3.1.4. SqueezeNet

To reduce the number of parameters, SqueezeNet proposes the Fire module comprising a squeeze convolutional layer, which has only 1 × 1 filters since a 1 × 1 filter has much fewer parameters than a 3 × 3 filter. Then, the layer is fed into an expand layer that has a mix of 1 × 1 and 3 × 3 convolution filters as shown in Figure 8. The squeeze layer is responsible for compressing the input channels while the expand layer utilizes different filters to extract features, which is similar to the Inception module of GoogleNet. As presented in Figure 9, SqueezeNet begins with a standalone convolutional layer, followed by eight Fire modules and three max pooling layers, and ends with a final convolutional layer. SqueezeNet has only 1.25 million parameters, while maintaining competitive accuracy.

3.1.5. MobileNet

Assuming that cross-channel correlations and spatial correlations can be mapped completely separately, MobileNet utilizes depthwise separable convolutions instead of standard convolutions to extract features, thus it reduces the computational complexity in a way that is different from SqueezeNet. As presented in Figure 10, depthwise convolution splits convolution into two separate layers: depthwise convolutional layer and pointwise convolutional layer. Depthwise convolution performs lightweight filtering by applying a single convolutional filter per input channel. Pointwise convolution is responsible for building new features through computing the combinations of depthwise convolution outputs. As shown in Figure 11, the network contains a standalone convolutional layer followed by 13 depthwise separable convolutional blocks without pooling layers. Downsampling is engineered into the architectures by setting the stride in some of the convolutional layers. Recently proposed MobileNet v2 [43] is based on an inverted residual structure and has better performance on recognition task than MobileNet v1.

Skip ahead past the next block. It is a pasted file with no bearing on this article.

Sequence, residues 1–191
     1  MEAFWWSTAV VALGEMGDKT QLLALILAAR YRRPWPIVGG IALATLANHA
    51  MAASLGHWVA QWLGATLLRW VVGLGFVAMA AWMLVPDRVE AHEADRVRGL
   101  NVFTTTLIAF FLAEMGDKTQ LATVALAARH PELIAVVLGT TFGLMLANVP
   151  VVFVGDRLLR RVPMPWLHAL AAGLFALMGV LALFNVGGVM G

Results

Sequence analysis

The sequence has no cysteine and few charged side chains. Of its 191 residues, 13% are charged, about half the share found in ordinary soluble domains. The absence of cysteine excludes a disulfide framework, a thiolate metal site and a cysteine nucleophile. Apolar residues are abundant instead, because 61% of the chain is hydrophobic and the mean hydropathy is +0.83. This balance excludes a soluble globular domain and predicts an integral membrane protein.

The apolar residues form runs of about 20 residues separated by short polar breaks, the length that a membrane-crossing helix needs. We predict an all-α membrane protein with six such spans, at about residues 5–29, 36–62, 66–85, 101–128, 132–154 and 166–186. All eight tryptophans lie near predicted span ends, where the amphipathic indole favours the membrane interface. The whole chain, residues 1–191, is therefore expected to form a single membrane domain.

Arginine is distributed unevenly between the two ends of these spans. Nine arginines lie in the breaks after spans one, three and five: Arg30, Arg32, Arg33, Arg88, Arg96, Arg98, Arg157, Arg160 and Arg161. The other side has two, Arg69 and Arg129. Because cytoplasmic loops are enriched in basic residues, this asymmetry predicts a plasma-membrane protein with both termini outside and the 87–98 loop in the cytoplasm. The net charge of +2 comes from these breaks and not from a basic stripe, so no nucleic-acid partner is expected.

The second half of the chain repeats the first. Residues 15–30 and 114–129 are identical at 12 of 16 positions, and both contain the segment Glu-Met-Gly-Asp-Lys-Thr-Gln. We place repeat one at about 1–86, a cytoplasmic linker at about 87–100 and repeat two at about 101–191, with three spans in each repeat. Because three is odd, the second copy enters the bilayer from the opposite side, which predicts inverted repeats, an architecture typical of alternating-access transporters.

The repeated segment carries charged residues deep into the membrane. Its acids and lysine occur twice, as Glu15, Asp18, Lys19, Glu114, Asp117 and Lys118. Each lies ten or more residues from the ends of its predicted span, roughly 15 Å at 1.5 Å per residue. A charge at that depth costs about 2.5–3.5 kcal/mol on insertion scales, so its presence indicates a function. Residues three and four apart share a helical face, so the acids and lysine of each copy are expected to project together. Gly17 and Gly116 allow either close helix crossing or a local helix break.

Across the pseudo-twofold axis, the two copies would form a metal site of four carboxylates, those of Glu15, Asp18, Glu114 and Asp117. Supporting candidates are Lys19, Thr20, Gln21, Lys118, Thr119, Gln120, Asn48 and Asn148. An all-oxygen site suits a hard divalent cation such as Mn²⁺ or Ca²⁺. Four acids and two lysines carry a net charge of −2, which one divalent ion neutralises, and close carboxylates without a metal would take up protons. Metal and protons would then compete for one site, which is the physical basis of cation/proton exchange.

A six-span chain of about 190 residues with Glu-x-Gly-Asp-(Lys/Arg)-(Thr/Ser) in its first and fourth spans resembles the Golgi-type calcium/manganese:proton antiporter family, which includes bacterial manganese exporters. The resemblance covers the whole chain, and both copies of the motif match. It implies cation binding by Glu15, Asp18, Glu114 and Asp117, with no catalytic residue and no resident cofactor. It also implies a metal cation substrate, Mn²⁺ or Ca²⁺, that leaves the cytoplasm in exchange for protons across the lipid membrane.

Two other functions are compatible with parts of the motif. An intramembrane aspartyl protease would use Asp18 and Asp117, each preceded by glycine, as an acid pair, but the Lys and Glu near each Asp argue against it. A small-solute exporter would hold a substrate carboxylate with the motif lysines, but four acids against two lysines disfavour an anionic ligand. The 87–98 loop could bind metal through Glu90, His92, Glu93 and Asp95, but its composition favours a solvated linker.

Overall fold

3.2. Global Optimization of Image Matching

Network flow model based on data association graph was used to achieve robust visual localization across seasons [23]. In this paper, data association graph is also applied to the global optimization of Visual Localizer.
Herein, we interpret the configuration of data association graph briefly. As shown in Figure 12a, the data association graph is a directed graph, which consists of three elements:
  • Node. Nodes fall into three types: source node, sink node and ordinary “node”. The ordinary “node” ( i , j ) reflects the state that the i-th query image matches with j-th database image. As Figure 12c showing, each ordinary “node” is actually comprised of a matching node and a hidden node, which denotes the matching or mismatching state of two images, respectively.
  • Edge. We define a directed connection between two “nodes” as an arc, which is represented with an arrow in Figure 12a,b. Meanwhile, as shown in Figure 12c, a directed connection between actual nodes is defined as an edge. The arc is the encapsulation of multiple edges. Source node connects with all of the nodes in the first row of graph. Similarly, sink node connects with all of the nodes in the last row of graph. As Figure 12b,c shows, the number of arcs originated from one ordinary node is equal to or less than k + 1 , and those arcs merely point to nodes in the next row of graph.
  • Cost. Cost w is associated to each edge. The cost of edges associating with source or sink node is set to 0. The cosine distance [23] is utilized to measure the similarity of two images in a matching node. The cost of edges pointing to a matching node is the reciprocal of corresponding cosine distance. Moreover, the cost of edges pointing to a hidden node is set to c.
Minimum-cost flow problem [44] is to find a flow with minimal cost such that all the fluid flows from the source nodes to the sink nodes. In our cases, the only source node produces flow, meanwhile the only sink node consumes flow. The quantity of flow generated by the source node is set to f. The capacity of an edge, which denotes the number of units that can flow over that edge, is set to f + 1 at edges interconnecting the hidden nodes and 1 at other edges. In our cases, the minimum-cost flow problem is solved by Google Optimization Tools [45]. The solutions to the problem yield a path in the graph, as blue arrows shown in Figure 12a. It is the nodes on the path that serve as optimized image matching result of visual localization.